Tuesday, July 19, 2011

More on Spiritual Practices and Calories

I wrote about counting calories as metaphor for time-tested spiritual practices here.  Lately, I've seen the potential flaws in calorie counting, and I've wondered if there are similar flaws on the other side of the comparison.

My moves towards healthier living inspired my spouse to count calories and to try to adopt some healthier practices.  His weight went down at the end of last week, but yesterday, it shot up.  He says, "One week of calorie counting, and I've gained three pounds."

Yes, I see the flaw in his logic.  It's been a week, not a month, not a season.  He didn't count calories on Saturday as he overate.  There are any number of reasons why his weight might be up, and it's too early to know for sure what's causing it or if it's a temporary blip.

But watching him made me think of people who adopt a spiritual practice only to find that the promises don't hold up.  I can hear the pilgrim now, saying, "Hey, I thought if I prayed the Liturgy of the Hours, I'd be feeling different.  But I'm feeling the same, but now I just pray more."  Or, "I thought that if I tithed, I'd be less stressed about money.  It hasn't happened yet.  It's been a week.  How long do I have to wait?"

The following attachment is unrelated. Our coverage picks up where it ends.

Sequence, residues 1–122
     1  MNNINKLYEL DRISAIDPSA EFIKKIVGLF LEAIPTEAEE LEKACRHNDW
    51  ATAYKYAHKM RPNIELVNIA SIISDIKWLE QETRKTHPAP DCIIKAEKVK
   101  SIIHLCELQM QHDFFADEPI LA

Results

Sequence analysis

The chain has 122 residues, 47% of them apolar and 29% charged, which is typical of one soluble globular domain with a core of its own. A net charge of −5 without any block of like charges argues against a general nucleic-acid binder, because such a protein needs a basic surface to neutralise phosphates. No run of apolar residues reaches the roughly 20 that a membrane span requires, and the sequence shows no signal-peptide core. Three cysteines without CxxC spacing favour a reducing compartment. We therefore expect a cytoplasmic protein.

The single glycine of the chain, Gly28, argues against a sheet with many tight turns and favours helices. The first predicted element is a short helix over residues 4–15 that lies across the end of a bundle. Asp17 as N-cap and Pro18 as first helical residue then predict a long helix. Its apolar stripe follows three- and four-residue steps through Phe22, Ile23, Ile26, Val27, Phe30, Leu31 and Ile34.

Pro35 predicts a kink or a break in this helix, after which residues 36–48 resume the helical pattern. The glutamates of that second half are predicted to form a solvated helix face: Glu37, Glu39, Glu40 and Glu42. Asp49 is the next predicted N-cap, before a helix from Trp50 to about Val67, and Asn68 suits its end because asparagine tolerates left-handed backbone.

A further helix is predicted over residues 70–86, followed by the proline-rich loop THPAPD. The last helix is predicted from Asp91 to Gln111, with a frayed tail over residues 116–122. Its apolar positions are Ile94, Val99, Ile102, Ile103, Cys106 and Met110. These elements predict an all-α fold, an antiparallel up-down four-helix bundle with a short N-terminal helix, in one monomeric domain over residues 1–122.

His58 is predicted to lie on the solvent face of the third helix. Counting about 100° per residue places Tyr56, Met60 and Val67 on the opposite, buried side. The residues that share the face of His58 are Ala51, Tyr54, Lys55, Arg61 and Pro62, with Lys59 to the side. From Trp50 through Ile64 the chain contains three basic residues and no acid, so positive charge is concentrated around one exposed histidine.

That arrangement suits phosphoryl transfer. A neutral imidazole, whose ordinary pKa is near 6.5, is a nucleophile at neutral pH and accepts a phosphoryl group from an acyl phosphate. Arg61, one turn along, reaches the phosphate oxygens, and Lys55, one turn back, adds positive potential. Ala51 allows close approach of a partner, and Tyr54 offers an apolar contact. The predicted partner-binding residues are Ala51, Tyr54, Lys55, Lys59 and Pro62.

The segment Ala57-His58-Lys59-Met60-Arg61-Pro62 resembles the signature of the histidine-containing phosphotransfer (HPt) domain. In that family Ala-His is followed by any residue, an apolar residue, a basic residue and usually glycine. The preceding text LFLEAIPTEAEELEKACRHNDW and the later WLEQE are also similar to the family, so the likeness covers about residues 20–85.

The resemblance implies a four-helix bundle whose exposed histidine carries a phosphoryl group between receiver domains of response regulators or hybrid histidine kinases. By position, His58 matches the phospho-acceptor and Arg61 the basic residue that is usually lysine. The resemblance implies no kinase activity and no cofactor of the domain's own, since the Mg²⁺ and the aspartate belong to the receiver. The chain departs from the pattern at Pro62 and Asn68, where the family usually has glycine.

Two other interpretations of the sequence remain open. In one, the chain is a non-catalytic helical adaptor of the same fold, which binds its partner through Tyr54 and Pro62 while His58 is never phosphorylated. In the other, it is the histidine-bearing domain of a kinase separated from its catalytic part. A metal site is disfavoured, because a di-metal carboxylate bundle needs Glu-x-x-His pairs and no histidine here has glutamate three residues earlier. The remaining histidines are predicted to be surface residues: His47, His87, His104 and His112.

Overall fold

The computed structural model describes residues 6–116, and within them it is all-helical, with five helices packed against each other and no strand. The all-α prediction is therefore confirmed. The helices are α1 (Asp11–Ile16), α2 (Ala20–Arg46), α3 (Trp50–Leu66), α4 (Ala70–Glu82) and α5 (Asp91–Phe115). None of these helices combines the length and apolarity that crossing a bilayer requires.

Much as we long-time believers might not want to own up to our own failings and disappointments when it comes to our faith and our spiritual disciplines, it's important.  We want new believers to stay the course.  We don't want them to quit when it gets hard or when they think they're feeling ways that a Christian would never feel.  We don't want them to think that they adopt a spiritual discipline, practice it until it becomes a habit, and then they're out of danger. 

Any of us could wake up to find our spiritual lives (or other aspects of our lives) stifled and dull.  What once left us feeling refreshed and renewed, nourished and healthy, might stop working.  However, if we keep doing the spiritual practice, even if we're not feeling authentic about it, we might find that at a later point, the spiritual practice starts working for us again.

Just as our daily weight fluctuations are no reason to abandon healthy eating, our emotional fluctuations are no reason to abandon solid spiritual practices.  And if we can be open about it, we can help others.  Millions of readers and viewers have been buoyed by Oprah's weight struggles--if we're open about our spiritual ups and downs, we might find that we form a stronger generation of believers.

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